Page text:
Well, I made it back to Chennai safely at least, and now I’m paying for the weekend by being up half the night sick as a dog and missing one of my last 15 days of work. My body’s reaction to fear appears to be much like a Touch of India.

This time I really mean it – I am done traveling in India. Done. Done. Done.

Before the Terror - Enjoying a quiet moment at the beach with friends

Before the Terror - Enjoying a quiet moment at the beach in Pondi with friends

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4 Comments leave one →
  1. Unity permalink
    6 October 2008 6:02 pm

    Ah guilt, it is a lovely device–isn’t it? Glad you made it back safe & sound–now stay put till you come back here–K? Hope you feel better.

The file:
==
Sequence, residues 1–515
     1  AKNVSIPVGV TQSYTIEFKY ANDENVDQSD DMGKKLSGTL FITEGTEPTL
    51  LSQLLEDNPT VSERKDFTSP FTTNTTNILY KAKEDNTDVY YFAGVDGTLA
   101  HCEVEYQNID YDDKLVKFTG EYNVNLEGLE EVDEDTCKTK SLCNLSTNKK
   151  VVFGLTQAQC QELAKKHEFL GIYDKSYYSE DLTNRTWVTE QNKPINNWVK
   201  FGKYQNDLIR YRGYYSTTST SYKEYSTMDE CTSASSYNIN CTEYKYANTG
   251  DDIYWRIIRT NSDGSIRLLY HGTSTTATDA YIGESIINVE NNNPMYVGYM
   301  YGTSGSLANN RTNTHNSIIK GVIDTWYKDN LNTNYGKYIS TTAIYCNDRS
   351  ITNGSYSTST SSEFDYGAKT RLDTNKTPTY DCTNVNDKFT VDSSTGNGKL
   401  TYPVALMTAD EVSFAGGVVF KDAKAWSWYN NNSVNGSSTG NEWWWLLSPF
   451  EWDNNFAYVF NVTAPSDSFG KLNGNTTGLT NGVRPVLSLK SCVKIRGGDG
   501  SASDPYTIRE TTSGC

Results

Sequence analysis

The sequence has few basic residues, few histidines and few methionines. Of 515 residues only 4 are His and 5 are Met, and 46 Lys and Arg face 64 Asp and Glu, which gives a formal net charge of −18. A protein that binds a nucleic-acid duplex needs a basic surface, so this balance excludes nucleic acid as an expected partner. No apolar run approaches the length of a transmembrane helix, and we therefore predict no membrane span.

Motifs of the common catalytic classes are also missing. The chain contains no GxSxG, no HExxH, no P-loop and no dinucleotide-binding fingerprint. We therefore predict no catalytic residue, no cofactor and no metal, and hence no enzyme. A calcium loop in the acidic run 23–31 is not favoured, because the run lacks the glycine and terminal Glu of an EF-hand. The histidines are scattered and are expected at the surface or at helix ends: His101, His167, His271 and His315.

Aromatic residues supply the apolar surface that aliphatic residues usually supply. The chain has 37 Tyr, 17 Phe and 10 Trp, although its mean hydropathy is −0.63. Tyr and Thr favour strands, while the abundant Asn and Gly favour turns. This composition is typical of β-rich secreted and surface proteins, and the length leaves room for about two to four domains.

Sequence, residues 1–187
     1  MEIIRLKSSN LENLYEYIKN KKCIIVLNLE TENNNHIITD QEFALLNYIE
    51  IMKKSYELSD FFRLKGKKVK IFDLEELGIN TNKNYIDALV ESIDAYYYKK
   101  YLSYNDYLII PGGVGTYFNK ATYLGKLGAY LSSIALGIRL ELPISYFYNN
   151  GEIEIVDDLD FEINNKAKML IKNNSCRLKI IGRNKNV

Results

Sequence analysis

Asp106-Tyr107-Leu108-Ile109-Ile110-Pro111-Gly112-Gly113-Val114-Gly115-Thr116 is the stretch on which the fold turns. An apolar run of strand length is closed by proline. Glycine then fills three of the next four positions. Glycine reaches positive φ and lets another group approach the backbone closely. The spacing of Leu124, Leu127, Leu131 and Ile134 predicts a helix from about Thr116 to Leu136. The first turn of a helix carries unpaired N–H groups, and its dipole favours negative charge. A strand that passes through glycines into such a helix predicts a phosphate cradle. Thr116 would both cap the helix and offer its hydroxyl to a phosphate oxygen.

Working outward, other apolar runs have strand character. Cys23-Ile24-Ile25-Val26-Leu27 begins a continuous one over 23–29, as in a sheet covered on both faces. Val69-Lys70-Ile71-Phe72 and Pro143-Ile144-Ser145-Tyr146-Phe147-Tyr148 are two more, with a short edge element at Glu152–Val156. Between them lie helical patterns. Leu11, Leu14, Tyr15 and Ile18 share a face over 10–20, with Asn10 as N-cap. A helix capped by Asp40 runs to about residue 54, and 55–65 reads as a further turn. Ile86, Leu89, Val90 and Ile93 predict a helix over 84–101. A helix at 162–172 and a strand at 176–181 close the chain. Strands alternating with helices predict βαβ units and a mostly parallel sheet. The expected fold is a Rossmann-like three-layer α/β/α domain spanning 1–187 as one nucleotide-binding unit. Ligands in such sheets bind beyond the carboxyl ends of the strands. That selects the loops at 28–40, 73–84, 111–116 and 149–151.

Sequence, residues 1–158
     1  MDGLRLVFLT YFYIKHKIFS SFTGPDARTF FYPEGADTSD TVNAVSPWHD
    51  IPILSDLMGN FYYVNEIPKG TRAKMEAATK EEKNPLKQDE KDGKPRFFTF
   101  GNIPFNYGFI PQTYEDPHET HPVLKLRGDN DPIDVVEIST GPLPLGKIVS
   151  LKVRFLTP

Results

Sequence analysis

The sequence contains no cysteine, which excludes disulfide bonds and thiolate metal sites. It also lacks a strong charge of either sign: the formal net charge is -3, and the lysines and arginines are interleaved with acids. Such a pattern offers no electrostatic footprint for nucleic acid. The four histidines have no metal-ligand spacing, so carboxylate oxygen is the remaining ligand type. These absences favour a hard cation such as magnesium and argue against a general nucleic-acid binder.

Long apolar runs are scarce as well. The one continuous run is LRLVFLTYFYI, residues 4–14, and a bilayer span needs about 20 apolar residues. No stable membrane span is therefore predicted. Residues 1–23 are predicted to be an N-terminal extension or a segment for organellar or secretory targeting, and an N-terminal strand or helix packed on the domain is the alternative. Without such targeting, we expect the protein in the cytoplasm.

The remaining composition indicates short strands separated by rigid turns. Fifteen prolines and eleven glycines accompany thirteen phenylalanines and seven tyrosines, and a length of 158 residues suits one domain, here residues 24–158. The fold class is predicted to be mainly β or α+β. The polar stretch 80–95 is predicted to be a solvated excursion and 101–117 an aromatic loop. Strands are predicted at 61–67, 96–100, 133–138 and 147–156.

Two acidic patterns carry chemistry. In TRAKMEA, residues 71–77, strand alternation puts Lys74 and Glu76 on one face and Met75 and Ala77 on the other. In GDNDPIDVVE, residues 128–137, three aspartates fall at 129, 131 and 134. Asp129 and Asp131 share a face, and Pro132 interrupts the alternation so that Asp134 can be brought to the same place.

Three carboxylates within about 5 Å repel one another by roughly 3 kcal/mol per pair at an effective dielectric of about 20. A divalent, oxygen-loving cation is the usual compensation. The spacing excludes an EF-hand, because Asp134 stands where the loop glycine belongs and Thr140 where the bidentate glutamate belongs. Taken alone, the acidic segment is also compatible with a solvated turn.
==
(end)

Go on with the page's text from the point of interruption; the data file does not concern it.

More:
2. 6 October 2008 7:55 pm

    It would suck to lose you to a cow skewering just days before you return home. Be safe! I’ve never even been to India and fear gives me similar symptoms. Hmmm.

  3. Paisley permalink
    9 October 2008 6:05 am

    TaTa spells Thoma-Longa.

  4. Mom permalink
    15 October 2008 5:52 am

    Must have inherited the guilt-laying gift from your father- certainly not your mother.